No more sleepovers/Nest firearm update

Cecilia Hernandez and Sarahy Lopez

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A personal dispute led an individual to bring a gun into the Nest on the night of Sept. 20. According to campus police Chief John Escalante and University Public Relations Director Michael Hines, the suspect has been identified and progress is being made in the investigation.

Officials do not expect there will be a continuing threat to the university community.

Beginning Oct. 3, the Nest prohibited all guests from staying past 11 p.m. This policy is planned to be changed on Oct. 20. Nest resident Brandon Blade said, “I can’t have people over past 11, now that people can’t stay the night anymore. My friend Elisa (Salgado), who is also my coworker she’s been staying the night on Wednesday nights because she lives in Bronzeville which is two hours away,” Blade said.

The change will allow guests to stay in the Nest overnight on weekends only. Several new measures will also be implemented to track overnight guests on Friday and Saturday nights.

In spite of the new measures to tighten or secure student safety, Blade said he has concerns, “There’s been issues with people not signing in guests so they don’t know who’s there. There’s been fights between guests, and the place has been smelling like weed.”

“She doesn’t get out of class until 9:45. So she’s not getting home until 12, sometimes one in the morning, and that’s going to the southside. Not to mention that you’re going through buses and transit and you’re switching all the time. That’s dangerous. Especially because she’s a petite woman,” he said.

Salgado revealed her past experiences regarding taking public transportation late at night before Blade offered her a place to stay. “One example, I was on the train and a guy got in front of my face, for a minute because he was not sober, I thought he was going to punch me and I was really scared. And then he just walked away and I started crying. I was going to take an Uber home, but when I checked the price it was 30 dollars to go back home,” she said. “I feel safe when I sleep over, I’m glad NEIU allows guests to come over.”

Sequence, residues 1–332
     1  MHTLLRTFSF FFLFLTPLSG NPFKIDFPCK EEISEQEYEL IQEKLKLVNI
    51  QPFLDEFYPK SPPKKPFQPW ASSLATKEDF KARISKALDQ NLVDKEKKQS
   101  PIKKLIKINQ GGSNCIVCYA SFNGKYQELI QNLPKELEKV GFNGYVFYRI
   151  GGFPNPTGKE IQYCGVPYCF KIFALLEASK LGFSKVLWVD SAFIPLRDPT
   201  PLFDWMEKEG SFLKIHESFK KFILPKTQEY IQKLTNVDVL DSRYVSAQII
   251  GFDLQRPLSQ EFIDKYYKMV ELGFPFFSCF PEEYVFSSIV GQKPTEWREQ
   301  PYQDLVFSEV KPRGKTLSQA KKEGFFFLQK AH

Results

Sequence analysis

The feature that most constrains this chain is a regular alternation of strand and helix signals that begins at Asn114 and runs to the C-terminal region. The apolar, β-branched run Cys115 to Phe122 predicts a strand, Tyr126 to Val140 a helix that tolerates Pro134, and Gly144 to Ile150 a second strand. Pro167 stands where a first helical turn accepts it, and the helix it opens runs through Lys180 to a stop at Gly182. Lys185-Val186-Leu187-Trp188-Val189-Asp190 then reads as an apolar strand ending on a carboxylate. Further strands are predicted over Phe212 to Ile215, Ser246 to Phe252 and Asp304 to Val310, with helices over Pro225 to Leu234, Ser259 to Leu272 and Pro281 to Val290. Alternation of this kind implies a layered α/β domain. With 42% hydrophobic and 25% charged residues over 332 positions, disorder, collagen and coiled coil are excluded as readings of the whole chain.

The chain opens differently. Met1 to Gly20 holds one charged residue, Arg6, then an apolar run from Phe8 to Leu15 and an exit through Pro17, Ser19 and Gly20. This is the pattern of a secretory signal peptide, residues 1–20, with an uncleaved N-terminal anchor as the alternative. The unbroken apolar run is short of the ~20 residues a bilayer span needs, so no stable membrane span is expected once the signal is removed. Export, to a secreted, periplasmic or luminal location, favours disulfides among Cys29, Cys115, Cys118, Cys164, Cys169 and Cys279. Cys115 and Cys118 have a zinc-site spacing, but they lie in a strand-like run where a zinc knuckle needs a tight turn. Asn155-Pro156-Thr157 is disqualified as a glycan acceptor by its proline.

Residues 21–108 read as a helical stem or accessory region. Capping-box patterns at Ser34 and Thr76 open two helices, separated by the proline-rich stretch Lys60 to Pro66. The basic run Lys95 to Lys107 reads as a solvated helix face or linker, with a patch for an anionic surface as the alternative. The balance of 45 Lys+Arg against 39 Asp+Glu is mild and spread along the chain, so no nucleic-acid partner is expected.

Some students feel the policy changes are unfair. “I’m tired of being punished for what other people are doing. They let these kids run amuck for five weeks. No one was being punished for anything. It was smelling like a hot box, no one did anything about it,” Blade said.

In an email to the Independent Hines said, “A university security officer will be assigned to the Nest seven nights a week. The University Police are working on additional measures to ensure the continued safety and security of The Nest.”

Hines said, “ University Police officers will increase their presence with a satellite office in The Nest. University Police also are in the process of hiring a sergeant who will be assigned to the overnight watch.”

Blade confirmed that to this point the Nest has not had a security guard only front desk staff. “There was no information sent out about that. By the time we found out about that it was over. Basically, the guy left, so they weren’t sure if it was a gun in the cameras, but they felt confident enough that it was,” Blade said.

Residents assistants will also be subject to additional training regarding the new safety measures. The new American Campus Community Director was unavailable for comment.

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